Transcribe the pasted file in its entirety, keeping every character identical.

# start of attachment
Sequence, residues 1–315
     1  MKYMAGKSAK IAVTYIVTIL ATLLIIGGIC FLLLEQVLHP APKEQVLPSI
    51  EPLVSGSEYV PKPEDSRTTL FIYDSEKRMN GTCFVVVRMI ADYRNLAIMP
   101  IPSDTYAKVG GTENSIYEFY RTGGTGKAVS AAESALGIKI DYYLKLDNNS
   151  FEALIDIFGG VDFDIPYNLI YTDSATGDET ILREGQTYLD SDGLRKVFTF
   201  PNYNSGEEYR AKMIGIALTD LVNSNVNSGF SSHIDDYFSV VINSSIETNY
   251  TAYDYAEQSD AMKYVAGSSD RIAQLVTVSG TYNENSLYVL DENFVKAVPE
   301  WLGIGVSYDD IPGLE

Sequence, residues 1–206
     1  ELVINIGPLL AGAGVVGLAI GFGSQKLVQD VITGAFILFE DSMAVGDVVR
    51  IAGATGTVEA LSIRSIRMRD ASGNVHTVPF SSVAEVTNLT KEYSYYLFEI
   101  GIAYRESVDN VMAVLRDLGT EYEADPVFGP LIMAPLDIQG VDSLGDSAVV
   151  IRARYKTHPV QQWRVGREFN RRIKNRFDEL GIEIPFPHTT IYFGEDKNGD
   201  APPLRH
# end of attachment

Sequence, residues 1–315
     1  MKYMAGKSAK IAVTYIVTIL ATLLIIGGIC FLLLEQVLHP APKEQVLPSI
    51  EPLVSGSEYV PKPEDSRTTL FIYDSEKRMN GTCFVVVRMI ADYRNLAIMP
   101  IPSDTYAKVG GTENSIYEFY RTGGTGKAVS AAESALGIKI DYYLKLDNNS
   151  FEALIDIFGG VDFDIPYNLI YTDSATGDET ILREGQTYLD SDGLRKVFTF
   201  PNYNSGEEYR AKMIGIALTD LVNSNVNSGF SSHIDDYFSV VINSSIETNY
   251  TAYDYAEQSD AMKYVAGSSD RIAQLVTVSG TYNENSLYVL DENFVKAVPE
   301  WLGIGVSYDD IPGLE

Sequence, residues 1–206
     1  ELVINIGPLL AGAGVVGLAI GFGSQKLVQD VITGAFILFE DSMAVGDVVR
    51  IAGATGTVEA LSIRSIRMRD ASGNVHTVPF SSVAEVTNLT KEYSYYLFEI
   101  GIAYRESVDN VMAVLRDLGT EYEADPVFGP LIMAPLDIQG VDSLGDSAVV
   151  IRARYKTHPV QQWRVGREFN RRIKNRFDEL GIEIPFPHTT IYFGEDKNGD
   201  APPLRH